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Women, Culture, and CommunityReligion and Reform in Galveston, 1880–1920$
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Elizabeth Hayes Turner

Print publication date: 1997

Print ISBN-13: 9780195086881

Published to Oxford Scholarship Online: October 2011

DOI: 10.1093/acprof:oso/9780195086881.001.0001

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The YWCA and Wage-Earning Women

The YWCA and Wage-Earning Women

(p.287) 10 The YWCA and Wage-Earning Women
Women, Culture, and Community

Elizabeth Hayes Turner

Oxford University Press

This chapter focuses on the contribution of the Young Women's Christian Association to make earning wages possible for women. The YWCA was the last major white women's organization to emerge in the Progressive Era. It carried women activists in a new direction: towards the need for young working women. It brought protection especially to single working women. It shielded working girls from the dangers of city life. It also offered a variety of social and cultural outlets for young women. However, it did not include blacks. Jews and Catholics were eligible for membership though they did not have the right to join the board of directors. But it is important to remember that the opening of the YWCA doors was accomplished by the women's progressive community. It offered services to all white women, focusing on them and their needs like no other association at that time had done.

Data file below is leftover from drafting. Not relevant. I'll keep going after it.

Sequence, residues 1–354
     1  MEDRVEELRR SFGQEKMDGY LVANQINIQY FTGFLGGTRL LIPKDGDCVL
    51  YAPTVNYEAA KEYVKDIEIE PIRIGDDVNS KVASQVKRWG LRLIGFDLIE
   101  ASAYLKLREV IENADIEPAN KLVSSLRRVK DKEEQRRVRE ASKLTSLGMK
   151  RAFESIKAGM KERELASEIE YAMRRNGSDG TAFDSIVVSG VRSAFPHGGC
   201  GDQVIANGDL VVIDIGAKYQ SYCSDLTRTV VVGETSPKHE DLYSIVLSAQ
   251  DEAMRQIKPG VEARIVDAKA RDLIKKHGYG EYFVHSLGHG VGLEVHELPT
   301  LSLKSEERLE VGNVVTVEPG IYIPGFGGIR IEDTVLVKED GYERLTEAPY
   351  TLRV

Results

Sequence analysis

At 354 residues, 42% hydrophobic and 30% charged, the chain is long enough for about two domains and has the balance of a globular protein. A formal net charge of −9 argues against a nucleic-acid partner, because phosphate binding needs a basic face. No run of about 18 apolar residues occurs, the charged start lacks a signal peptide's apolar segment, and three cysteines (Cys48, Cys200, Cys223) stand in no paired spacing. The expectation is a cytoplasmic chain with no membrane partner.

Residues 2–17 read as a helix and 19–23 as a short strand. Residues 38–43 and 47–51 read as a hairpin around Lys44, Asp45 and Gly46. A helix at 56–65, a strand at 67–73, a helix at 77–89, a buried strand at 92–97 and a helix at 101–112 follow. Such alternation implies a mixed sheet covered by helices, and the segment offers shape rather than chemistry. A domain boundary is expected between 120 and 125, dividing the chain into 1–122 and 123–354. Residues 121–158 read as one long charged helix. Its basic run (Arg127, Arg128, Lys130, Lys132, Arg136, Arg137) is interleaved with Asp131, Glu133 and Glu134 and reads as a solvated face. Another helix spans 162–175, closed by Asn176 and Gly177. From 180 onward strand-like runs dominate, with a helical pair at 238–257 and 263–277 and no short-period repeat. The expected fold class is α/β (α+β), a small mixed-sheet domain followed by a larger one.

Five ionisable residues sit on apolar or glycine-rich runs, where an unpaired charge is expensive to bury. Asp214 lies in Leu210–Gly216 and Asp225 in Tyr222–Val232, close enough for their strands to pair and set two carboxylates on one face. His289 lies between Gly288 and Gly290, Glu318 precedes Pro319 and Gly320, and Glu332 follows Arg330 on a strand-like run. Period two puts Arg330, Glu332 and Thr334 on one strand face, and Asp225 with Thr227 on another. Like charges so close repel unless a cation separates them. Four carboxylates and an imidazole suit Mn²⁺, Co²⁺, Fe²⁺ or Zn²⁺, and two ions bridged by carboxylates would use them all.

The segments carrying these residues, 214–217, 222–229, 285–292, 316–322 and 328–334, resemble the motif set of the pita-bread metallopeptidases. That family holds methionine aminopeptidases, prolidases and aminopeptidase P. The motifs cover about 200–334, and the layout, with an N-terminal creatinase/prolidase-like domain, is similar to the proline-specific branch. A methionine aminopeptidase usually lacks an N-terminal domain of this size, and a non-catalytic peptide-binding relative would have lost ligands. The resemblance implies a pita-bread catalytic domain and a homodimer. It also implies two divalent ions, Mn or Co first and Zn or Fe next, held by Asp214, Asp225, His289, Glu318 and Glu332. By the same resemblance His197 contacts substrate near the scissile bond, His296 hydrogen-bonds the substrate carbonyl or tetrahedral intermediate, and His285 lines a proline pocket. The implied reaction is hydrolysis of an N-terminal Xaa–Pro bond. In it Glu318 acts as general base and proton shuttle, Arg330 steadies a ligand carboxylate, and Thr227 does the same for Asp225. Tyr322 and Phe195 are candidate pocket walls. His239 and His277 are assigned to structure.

Keywords:   YWCA, Young Women's Christian Association, Progressive Era, women activists, working women, blacks, progressive community, white women

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